An article in the Visalia Times-Delta, heavily read in the linked headlines section on PublicCEO.com, brought attention to the City Council’s decision.
In the piece, there was discussion regarding the number of vacation hours Pyle can accrue and a conversation with a councilman who thought Pyle should take his vacation time to remain rested and effective.
Pyle though, says it’s simply a non-story.
In an e-mail interview, Pyle said that his vacation rate did not change. Pyle also said he’s previously had the benefit to sell back his vacation time the past four years, sharing the same benefit as every other management employee.
Pyle said that though every management employee can cell vacation time back, he somehow could not until having exceeded 320 hours. Management employees can keep a maximum of 320 hours on the books.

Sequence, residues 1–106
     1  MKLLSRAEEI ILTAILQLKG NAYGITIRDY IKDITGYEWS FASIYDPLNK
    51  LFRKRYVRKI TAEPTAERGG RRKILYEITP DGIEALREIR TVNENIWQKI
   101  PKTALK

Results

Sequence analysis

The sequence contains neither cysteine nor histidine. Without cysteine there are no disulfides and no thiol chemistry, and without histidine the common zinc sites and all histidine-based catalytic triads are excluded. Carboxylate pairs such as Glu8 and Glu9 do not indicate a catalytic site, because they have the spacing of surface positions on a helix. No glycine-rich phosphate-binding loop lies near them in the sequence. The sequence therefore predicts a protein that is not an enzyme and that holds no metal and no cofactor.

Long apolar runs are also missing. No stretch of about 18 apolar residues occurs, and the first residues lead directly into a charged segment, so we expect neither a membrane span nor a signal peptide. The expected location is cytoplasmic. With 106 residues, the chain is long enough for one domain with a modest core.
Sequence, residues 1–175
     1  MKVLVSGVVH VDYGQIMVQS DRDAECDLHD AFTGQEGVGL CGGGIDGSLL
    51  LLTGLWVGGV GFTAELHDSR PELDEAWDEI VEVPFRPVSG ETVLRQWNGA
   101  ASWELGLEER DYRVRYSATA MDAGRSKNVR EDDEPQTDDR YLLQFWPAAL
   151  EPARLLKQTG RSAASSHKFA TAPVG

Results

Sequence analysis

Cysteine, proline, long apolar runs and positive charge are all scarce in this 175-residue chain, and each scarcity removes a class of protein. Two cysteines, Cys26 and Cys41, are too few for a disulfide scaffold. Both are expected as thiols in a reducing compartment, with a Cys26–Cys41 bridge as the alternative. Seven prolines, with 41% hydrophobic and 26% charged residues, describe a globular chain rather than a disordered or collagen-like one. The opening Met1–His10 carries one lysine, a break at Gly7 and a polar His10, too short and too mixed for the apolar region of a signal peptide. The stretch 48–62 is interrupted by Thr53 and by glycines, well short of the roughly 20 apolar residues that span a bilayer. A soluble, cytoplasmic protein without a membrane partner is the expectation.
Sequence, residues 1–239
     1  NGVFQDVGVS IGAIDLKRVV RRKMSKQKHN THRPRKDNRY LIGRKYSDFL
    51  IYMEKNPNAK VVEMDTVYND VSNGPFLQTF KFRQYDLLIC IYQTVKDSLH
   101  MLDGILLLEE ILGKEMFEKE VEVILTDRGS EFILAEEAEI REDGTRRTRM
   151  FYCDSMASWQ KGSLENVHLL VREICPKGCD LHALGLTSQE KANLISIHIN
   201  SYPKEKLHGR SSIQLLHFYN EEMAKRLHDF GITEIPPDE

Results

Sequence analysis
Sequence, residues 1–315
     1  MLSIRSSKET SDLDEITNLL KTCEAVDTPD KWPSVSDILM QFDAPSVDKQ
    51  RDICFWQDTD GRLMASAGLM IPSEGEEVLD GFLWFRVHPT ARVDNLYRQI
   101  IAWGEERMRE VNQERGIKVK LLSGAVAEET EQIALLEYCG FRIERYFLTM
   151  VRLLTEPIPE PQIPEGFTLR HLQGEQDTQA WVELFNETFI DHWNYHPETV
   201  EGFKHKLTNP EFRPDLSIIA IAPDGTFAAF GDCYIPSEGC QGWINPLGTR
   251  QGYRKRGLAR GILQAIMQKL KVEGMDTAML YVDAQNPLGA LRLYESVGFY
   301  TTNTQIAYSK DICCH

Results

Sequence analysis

“I take vacation time when the business of the City allow, and am usually out two weeks per year,” Pyle said. “Prior to our last election, I had never been told that I had lost effectiveness.
“I spend lots of time with my family. We eat dinner together almost every night. We vacation together as their school schedules allow.”
The City of Tulare had a great financial year in 2007-08. The city received $18 million in Prop 1B money to match the countywide Measure R regional transportation sales tax money to deliver two grade-separated railroad crossings.
The city also broke ground on a new library, a new park and an $80 million industrial wastewater treatment plant.
Due to such a good year, Pyle was offered a raise in August 2008. But Pyle said he saw California’s financial future and therefore, declined the raise.
Because the City’s General Fund revenue projections for 2009-10 are down approximately 8 percent, he said he asked council not to consider a raise this year either.
James Spencer can be reached at firstname.lastname@example.org